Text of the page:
When users trigger actions that requires heavy processing power in our applications, the best practice is to put those actions into a worker queue and process them later. When they are done, we then notify users.

In this tutorial, we will demonstrate how to build the notification part of the process above. We will be using a service called Pusher, which allows us to send messages between server and client(application and browser) via WebSocket.

For demonstration purpose, we will pretend that we are building a report system. When a user clicks the "Generate Report" button, a job is sent to a worker queue for processing, when the job is completed, we will send the user a notification message.

Table Of Content

  1. Websocket vs Ajax
  2. Pusher concept
  3. Pusher client
  4. Pusher credential
  5. Pusher Client API
  6. Authenticating user
  7. Publishing events
  8. The End

Websocket vs Ajax

Before Websocket is implemented in major browsers. Ajax is used wildly for building real time web applications.

In case you are not aware the differences between them. We list out some key points below:

  • Websocket provides a bi-directional communication channel between user's client and server. Whereas Ajax is a uni-directional client-side polling mechanism.
  • When using ajax, we are sending requests to server periodically. Depends on the interval, it can result in large number of server hits, which can become the bottleneck easily. Whereas in websocket, a connection can last for a long time once it's established, which makes it a better fit for building real time web applications.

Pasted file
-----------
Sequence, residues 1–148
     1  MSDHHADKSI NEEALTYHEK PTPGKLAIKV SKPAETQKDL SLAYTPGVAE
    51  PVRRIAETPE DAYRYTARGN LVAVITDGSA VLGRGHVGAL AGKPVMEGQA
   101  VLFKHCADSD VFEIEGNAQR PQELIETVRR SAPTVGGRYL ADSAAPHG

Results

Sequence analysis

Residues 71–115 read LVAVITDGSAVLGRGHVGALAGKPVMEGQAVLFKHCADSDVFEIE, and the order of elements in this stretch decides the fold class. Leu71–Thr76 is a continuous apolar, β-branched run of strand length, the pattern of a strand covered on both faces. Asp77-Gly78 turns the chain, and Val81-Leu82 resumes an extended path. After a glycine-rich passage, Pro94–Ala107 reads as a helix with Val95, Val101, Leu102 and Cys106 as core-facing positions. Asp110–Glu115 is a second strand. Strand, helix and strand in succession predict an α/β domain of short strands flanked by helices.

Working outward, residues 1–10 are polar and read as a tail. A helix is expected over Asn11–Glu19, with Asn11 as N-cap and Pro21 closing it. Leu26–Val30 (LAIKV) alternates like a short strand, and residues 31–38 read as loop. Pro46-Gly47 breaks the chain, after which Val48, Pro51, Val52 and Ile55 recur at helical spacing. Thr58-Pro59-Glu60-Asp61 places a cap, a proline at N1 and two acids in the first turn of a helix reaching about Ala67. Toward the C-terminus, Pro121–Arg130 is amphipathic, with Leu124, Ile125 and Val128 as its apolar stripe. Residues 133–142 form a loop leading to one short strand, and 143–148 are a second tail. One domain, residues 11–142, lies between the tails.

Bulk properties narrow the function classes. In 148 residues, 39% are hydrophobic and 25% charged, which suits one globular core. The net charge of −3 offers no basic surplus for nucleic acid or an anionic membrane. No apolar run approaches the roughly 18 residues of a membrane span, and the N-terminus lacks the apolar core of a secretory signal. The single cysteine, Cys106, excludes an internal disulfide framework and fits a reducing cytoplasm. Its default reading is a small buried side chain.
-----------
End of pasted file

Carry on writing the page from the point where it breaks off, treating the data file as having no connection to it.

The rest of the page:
Pusher concept

Pusher is a web service helping develop real time web applications. The basic idea of Pusher is that, we send messages to Pusher server via its API, then Pusher will deliver those messages to our applications via websocket. Since Pusher takes care of all the infrastructure behind, it becomes very easy for us to build a real time web application.

Let's first clear some basic concepts in Pusher:


The official definition of channel can found here. So we won't go into details here. There are three types of channels in Pusher, they are public channel, private channel and presence channel.

To help you pick up the concept quickly, we can imagine channels in Pusher as restricted groups. A channel can be accessed by everyone or certain people only depending on which type of channel we use.


The official definition of event can found here. So we won't repeat ourselves.